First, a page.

Panthers prevail

Washougal girls net school’s first state basketball title

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Washougal seniors (from left to right) Kiarra Cross, Ashley Gibbons and Beyonce Bea celebrate their team's state title at the 2A Hardwood Classic in Yakima, Wash., on Feb. 28.

It was a magical moment inside the Yakima Valley SunDome on March 2, as the Washougal Panthers girls basketball team won its school’s first state basketball title.

The Panthers huddled around their team leader, senior Beyonce Bea, who was raw with emotion as she raised the state championship trophy for everyone in the SunDome to see.

The crowd included Washougal parents as well as loyal Panthers fans who had come to Yakima ready to celebrate the biggest moment in Washougal High basketball history.

“It feels amazing,” Bea said after the Panthers’ 49-40 overtime win over East Valley, of Spokane, in the 2A Hardwood Classic on March 2. “There just can’t be anything better than this.”

The title was a crowning achievement for a group of girls who have worked relentlessly to fulfill their dream of bringing a state championship trophy to Washougal High School.

The Panthers played together as a team during their state tournament run, but when the championship game got tight, it was usually Beyonce Bea, the team’s senior bound for Division I basketball at the University of Idaho, who helped carry the Panthers to the win.

“I’m so thankful to be able to end my high school career on this note,” Beyonce Bea said. “It was awesome.”

The team’s senior guard, Kiara Cross, said the moment was surreal.

“I don’t even know how I feel right now,” Cross said. “(There are) so many emotions, but I’m so proud of this team.”

Washougal junior McKinley Stotts jumped up and down after the championship win, in sync with her teammates.

“We’ve never been state champs before,” Stotts said. “This is awesome.”

Crowd holds breath as Panthers go into overtime

It appeared the Panthers had won the championship in regulation after Cross finished a fast break to put Washougal up by three points with only seconds remaining in the game.

Then, with three seconds left, the Knights’ Faith Adams threw a 3-pointer that hit nothing but net, forcing the game into overtime.

The Washougal fans held their collective breath. But they didn’t have to hold it too long, as their team’s 6-foot-2 leader, Beyonce Bea, took control with ball-handling skills that could not be contained.

The Knights tried to stop Bea with a foul, but the Panthers pride themselves on their free-throw shooting. Beyonce Bea swished foul shot after foul shot, scoring 12 of her game-high 30 points in overtime.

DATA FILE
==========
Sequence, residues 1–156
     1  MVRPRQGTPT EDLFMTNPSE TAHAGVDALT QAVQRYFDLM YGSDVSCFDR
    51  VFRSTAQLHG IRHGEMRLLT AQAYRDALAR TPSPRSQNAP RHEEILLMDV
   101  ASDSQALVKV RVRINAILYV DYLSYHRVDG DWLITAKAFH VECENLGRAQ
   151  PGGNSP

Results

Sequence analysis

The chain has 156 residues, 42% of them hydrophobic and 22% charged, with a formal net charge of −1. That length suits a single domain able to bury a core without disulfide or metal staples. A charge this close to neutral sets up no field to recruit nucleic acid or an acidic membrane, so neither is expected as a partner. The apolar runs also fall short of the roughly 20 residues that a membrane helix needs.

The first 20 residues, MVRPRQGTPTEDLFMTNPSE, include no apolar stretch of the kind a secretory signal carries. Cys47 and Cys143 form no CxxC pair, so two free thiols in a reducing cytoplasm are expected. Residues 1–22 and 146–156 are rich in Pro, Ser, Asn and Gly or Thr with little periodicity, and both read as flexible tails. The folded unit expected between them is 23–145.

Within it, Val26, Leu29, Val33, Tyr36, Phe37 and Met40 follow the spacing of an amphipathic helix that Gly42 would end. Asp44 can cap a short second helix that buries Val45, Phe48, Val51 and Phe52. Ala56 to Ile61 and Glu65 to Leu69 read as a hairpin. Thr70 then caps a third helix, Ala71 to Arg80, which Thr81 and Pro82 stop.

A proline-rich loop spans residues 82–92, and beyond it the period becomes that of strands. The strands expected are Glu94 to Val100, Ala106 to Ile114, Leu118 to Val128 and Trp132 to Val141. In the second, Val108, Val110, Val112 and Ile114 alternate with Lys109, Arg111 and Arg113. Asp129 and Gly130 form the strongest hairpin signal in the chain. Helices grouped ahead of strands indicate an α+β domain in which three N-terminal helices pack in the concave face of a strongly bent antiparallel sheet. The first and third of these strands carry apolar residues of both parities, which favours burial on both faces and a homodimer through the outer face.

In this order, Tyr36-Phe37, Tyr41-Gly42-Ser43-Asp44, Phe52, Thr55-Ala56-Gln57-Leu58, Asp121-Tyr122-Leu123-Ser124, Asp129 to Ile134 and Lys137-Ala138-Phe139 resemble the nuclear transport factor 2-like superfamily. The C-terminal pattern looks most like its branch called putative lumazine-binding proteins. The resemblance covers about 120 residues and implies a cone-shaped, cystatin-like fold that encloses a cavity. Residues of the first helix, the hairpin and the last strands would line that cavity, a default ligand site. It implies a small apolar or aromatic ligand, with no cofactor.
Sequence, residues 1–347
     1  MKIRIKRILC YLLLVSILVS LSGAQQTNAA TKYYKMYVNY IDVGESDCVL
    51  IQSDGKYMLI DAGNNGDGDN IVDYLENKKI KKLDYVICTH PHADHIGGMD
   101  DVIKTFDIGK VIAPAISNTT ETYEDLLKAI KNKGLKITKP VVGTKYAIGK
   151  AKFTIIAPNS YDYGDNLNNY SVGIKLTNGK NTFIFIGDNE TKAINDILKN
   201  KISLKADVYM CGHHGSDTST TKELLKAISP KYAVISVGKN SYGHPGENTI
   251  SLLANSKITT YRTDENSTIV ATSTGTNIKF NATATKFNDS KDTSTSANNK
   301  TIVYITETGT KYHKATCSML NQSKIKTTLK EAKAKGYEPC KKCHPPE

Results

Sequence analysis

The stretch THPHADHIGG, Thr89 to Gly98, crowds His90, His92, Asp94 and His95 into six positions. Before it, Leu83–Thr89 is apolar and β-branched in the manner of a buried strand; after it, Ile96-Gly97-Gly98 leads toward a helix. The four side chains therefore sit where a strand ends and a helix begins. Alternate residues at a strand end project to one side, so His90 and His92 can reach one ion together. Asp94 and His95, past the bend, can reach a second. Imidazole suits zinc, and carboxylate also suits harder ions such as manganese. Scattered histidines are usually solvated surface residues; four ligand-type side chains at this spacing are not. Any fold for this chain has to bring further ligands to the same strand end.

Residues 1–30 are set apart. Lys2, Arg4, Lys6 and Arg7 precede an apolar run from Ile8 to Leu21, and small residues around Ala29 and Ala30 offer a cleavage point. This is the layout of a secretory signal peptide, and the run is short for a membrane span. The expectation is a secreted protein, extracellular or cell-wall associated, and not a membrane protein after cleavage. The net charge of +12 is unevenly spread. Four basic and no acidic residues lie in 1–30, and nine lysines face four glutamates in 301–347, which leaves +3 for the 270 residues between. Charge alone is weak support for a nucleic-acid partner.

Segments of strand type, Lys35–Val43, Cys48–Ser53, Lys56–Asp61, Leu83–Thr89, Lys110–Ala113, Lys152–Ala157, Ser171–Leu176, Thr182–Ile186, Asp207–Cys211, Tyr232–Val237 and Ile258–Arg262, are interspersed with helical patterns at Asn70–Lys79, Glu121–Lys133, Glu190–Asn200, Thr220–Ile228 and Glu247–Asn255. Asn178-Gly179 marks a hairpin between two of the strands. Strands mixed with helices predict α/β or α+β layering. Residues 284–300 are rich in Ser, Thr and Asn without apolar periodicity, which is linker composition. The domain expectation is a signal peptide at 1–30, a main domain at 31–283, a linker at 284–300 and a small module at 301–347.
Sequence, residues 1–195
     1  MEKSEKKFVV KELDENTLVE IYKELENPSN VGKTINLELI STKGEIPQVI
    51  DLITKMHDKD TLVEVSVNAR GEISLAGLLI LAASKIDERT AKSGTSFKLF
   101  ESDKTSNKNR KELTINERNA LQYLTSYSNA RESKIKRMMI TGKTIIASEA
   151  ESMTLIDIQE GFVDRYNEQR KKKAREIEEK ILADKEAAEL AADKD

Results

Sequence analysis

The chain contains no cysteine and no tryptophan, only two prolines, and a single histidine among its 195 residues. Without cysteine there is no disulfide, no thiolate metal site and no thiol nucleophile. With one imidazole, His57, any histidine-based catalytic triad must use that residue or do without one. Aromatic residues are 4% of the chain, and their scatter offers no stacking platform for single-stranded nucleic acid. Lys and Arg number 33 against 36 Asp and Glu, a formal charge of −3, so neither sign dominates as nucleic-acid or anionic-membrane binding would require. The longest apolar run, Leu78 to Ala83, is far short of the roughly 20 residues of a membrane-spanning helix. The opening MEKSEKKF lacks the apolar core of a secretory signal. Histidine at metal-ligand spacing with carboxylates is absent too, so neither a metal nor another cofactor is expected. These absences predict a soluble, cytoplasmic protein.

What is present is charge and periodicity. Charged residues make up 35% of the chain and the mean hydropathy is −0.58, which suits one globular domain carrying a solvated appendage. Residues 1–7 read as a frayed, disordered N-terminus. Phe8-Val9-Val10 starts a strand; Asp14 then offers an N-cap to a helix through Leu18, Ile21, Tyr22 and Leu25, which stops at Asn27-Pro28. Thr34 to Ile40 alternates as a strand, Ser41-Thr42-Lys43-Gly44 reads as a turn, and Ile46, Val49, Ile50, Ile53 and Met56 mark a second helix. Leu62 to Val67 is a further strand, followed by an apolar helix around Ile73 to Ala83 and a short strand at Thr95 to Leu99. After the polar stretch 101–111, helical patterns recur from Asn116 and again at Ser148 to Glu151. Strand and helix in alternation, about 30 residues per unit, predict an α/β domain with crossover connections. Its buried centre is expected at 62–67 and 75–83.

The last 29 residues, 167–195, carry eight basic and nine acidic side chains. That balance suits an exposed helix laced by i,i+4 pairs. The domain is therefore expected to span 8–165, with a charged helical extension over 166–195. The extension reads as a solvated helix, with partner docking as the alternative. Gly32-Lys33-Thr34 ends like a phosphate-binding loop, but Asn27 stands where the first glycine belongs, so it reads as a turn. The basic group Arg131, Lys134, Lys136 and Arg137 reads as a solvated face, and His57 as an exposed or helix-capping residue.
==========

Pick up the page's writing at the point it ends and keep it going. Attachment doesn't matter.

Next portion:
“When they started fouling and we went to the free throw line, I knew we had it because we work on that and have been hitting them all season,” Beyonce Bea said.

The title game was an unusual deja vu for both teams as the Panthers and Knights had battled each other one week earlier during a regional seeding game in Spokane. The Panthers won that game 52-45, giving Washougal a first-round bye at Hardwood Classic.

“We knew (East Valley) would be tough,” Panthers head coach Britney Knotts said. “They are a really good team and really physical. We both had to grind it out.”

With the teams so familiar with each other’s offensive tendencies, defense dominated in the low-scoring affair. It was a fitting performance for Knotts, who made defense the program’s cornerstone when she took over as head coach last season.

“It’s what this program is built on,” Knotts said of the defense. “But, man, this is really special. This has been a goal since the beginning of the year. I’m really proud.”

Panthers set stage for state with series of wins

The Panthers’ road to the state championship started Feb. 28, with a 49-39 win over W.F. West, the defending 2A state champions. The Panthers had beat the Bearcats in their previous three meetings this season, including at the 2A District 4 championship game.

Washougal freshman Jaiden Bea, Beyonce Bea’s cousin, led all scorers in her first state tournament game with 18 points against W.F. West. Beyonce Bea finished that game with 12 points.

“Wow, really? I had 18 points?” Jaiden Bea said after the Feb. 28 game against the Bearcats. “We know Beyonce is going to get pressured because she is the star of the team, so we had to step up.”

Twenty-four hours later, the Panthers got off to a quick start against Clarkston when sophomore Skylar Bea, Beyonce Bea’s younger sister who specializes in rebounding and inside play, surprised the Bantams’ defense with two long-range 3-pointers that found the bottom of the net.

“I’ve been working on my outside shot all season,” Skylar Bea said. “At state, the stakes are higher, so I started shooting it.”

The scrappy Clarkston team fought back and kept the game close throughout the first half. Beyonce Bea took control of the game in the second half, though, leaving Clarkston with no choice but to foul. And, just as they would later in their title game, the Panthers made their free throws.

Beyonce Bea finished the game against Clarkston with 21 points, 15 rebounds, five assists and five steals.

“She’s the best high school player in the state because she pushes herself and her team harder than anyone else,” Knotts said of Beyonce Bea, the three-time Greater St. Helens League 2A Most Valuable Player (MVP).